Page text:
Apr. 20, 2014
Apr. 20, 2014
To live every day as if it has been stolen from death, that is how I would like to live. To feel the joy of life… To separate oneself from the burden, the angst, the anguish that we all encounter every day. To say I am alive, I am wonderful, I am. I am. That is something to aspire to.
— Garth SteinThe Art of Racing in the Rain
(via bookmania)

(via teachingliteracy)

Apr. 20, 2014

cinderellaincombatboots:

fuckyeahtrowaxquatre:

fuckyeahgundamwing:

cinderellaincombatboots:

Episode 03: Five Gundams Confirmed. Trowa Barton and Quatre Raberba Winner meet for the first time at the Corsica Base.

A Little Bit of Naivety: Quatre Raberba Winner
_____

Let’s be honest: you’ll have to be a little unhinged to scramble out of your machine’s cockpit in the middle of a battle and holler some form of friendly ceasefire to someone who can squish you with a giant robot hand. It’s downright mad, especially when you did this just because it suddenly didn’t feel right to continue fighting.

Hunches could be wrong, even if you have some kind of ESP-like ability. A quick calculation that goes, “This guy doesn’t seem to be on the OZ’s or the Alliance’s side, his mobile suit is identical to mine, and it looks like we have the same mission too” may seem logical, but it’s not 100% reliable.

So yes, you’ll have to be a little bit unhinged…or, you know, a little bit naive.

Quatre Raberba Winner is a kind person. From the first episode we know he is the only one who doesn’t strictly stick to the “Don’t let anyone who sees your Gundam live” rule that the pilots are following. He gives the enemies a chance to live, and if they don’t grab it, he says sorry before killing them. Take note, they’re the enemies. Now faced with a mysterious suit that is likely not an enemy, he cautiously works out his next steps, telling the Maguanacs he doesn’t need any help. And then out of the blue he senses that this little brawl is wrong, so he ‘surrenders’ and yells, “You and I shouldn’t be fighting each other!”

(I can imagine a very baffled Trowa. Guy’s raised as a mercenary as early as he could properly walk, and a situation like this has never been filed in his memory bank. He probably will just go on and crush Quatre then and there...if he hasn’t ran out of ammo and if there isn’t a forty-men backup troop ready to blow him to smithereens once he lifts a Gundanium finger to hurt their Master. It’s clear that throwing in the towel is the only option left for him, so that’s what he does. Uh, yeah, going off on a tangent…)

A little peek at Quatre’s history will give you that unlike the other pilots, he didn’t experience a huge tragedy when he was younger. His Episode Zero is more about his identity, his pursuit of individuality, than having a beginning of a war-marred childhood. Instead of tears and death, there’s enlightenment at the end of his back story. There hasn’t been any dark cloud to taint his kindness so he goes out there as the most positive, the most hopeful, and the least judgmental of all the pilots.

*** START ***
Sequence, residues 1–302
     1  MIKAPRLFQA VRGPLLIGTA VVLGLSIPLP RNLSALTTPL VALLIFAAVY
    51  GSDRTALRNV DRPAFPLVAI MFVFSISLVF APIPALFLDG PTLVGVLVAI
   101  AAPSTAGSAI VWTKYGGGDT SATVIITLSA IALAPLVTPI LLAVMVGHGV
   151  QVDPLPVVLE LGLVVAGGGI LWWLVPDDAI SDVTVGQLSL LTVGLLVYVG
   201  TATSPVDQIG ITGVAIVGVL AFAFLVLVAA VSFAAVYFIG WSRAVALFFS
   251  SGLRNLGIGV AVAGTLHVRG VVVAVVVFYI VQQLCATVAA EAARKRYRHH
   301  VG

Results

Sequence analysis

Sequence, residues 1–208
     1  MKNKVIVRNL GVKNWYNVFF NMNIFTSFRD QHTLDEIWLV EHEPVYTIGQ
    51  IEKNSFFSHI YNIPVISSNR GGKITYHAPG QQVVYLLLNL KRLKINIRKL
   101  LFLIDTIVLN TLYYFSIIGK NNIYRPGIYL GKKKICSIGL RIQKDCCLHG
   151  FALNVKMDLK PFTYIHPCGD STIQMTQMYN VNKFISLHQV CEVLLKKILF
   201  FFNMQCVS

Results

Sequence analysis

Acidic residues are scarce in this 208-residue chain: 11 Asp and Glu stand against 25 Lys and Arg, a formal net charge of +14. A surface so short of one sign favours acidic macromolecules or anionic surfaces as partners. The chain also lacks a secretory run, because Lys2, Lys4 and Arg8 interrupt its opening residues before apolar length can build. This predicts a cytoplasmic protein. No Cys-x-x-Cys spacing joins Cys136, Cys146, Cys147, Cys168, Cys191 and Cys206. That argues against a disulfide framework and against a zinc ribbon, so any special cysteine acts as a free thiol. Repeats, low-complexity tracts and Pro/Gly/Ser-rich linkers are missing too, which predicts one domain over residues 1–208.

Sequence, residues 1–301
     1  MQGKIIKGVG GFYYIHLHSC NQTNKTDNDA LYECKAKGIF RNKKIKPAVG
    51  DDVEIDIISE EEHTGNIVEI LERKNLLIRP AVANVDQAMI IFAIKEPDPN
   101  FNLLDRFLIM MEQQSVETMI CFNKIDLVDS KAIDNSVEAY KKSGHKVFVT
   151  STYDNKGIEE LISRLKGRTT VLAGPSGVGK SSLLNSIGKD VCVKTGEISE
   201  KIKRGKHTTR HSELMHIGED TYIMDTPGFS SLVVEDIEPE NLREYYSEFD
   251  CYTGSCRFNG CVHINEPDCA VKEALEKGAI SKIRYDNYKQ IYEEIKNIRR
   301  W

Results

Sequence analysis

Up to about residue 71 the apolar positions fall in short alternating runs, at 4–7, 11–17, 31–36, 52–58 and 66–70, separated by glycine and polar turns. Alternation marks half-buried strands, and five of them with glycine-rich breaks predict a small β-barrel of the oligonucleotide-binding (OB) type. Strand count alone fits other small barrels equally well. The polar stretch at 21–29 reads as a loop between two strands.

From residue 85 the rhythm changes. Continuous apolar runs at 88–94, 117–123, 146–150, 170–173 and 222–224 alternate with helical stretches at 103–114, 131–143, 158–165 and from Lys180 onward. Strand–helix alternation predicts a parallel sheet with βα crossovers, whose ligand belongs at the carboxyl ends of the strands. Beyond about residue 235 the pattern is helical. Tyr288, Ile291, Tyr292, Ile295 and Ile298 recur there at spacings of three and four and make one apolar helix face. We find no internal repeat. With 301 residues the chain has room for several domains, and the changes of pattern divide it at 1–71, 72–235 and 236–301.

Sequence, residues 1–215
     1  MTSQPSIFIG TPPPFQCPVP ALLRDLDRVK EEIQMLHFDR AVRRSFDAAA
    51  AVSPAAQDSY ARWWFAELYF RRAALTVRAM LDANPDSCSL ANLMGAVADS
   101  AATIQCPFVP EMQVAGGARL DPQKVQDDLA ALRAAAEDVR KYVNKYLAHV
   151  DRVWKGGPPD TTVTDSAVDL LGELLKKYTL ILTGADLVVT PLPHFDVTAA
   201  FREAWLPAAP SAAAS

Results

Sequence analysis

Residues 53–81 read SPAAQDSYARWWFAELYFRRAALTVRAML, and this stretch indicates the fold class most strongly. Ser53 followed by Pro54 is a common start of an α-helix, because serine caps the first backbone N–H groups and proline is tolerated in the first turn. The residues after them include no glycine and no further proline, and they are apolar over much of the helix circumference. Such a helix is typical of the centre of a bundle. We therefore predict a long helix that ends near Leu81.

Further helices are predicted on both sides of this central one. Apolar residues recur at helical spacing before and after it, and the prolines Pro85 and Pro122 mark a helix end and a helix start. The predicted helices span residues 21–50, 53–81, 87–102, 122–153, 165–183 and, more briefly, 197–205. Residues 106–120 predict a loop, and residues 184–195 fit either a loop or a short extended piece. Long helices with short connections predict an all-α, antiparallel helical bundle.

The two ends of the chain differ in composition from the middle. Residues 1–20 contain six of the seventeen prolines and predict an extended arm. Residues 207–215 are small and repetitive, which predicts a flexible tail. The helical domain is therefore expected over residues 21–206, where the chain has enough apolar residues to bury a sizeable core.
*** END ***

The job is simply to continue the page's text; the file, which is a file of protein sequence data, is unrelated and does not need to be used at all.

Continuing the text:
Remember the "Good Guy, Bad Guy" ping-pong embedded in the show’s plot? Quatre plays this with rose-colored spectacles…at least in the beginning. It’s extremely dangerous, but he’s willing to give anyone the benefit of the doubt, even in the battlefield. Oh, he does his job and accomplish his missions, but the boy just doesn’t have the ability to readily believe a person is bad or evil. This will be further backed in the next episodes, where he thinks the other pilots may be “violent but they’re all really nice guys.”

I like that Quatre’s naive because it plays a major role in some of the decisions he’ll make that will leave significant marks on the AC 195 history. I like it because it doesn’t only say so much about how he’s just a sheltered kid that’s basically Hope on Two Legs, it’s also proved to be very essential to his growth.

Quatre’s naivety and kindness are some of the traits that often make people categorize him as weak—which he is anything but. I’d love to expand on this more, but I think I’d rather wait ‘til I reach the episodes that prove he’s no “fragile desert flower”. :p

#my love for this boy can power a nation

So do ours, man, so do ours. Well, it won’t take long till we get to more badass Quatre episodes! We hate it when he’s portrayed or interpreted as WEAK, SUBMISSIVE, or USELESS because those are the exact opposite of what he is. And we agree on the naivety part. We think all the pilots possess a degree of naivety, but it is Quatre’s that shone the most and it proved to be an important trait of him character-wise throughout the series.

Ooooh, look at this beautiful meta! I completely agree with all of this.

also i read the following sentence as:

"He probably will just go on and crush on Quatre then and there...”

which I also completely agree with so.

Oh god haha! Yes, yes he will. :’)

And thanks. :)

Apr. 9, 2014
smithsonianmag:

Photo of the Day: Feeding Pigeons
Photography by Suditi Guharoy (Kolkata, India); Varanasi, Uttar Pradesh, India

smithsonianmag:

Photo of the Day: Feeding Pigeons

Photography by Suditi Guharoy (Kolkata, India); Varanasi, Uttar Pradesh, India

(via fastcompany)

Apr. 9, 2014
Apr. 9, 2014
Apr. 9, 2014
cinderellainrubbershoes:

Review: A Long Way DownAuthor: Nick HornbyGenre: Humor, ContemporaryMy Rating: ★★★ (3 of 5 stars)
____
At every tail-end of a published book about suicide—or an attempt to commit it—is a potential for controversy. Authors know that; the bravest ones refuse to pull punches and went on telling their stories the way they know how, steeling themselves for the future salvo of questions and accusations. They are willing to risk being pulled out of shelves later if it meant they would get their tales told first.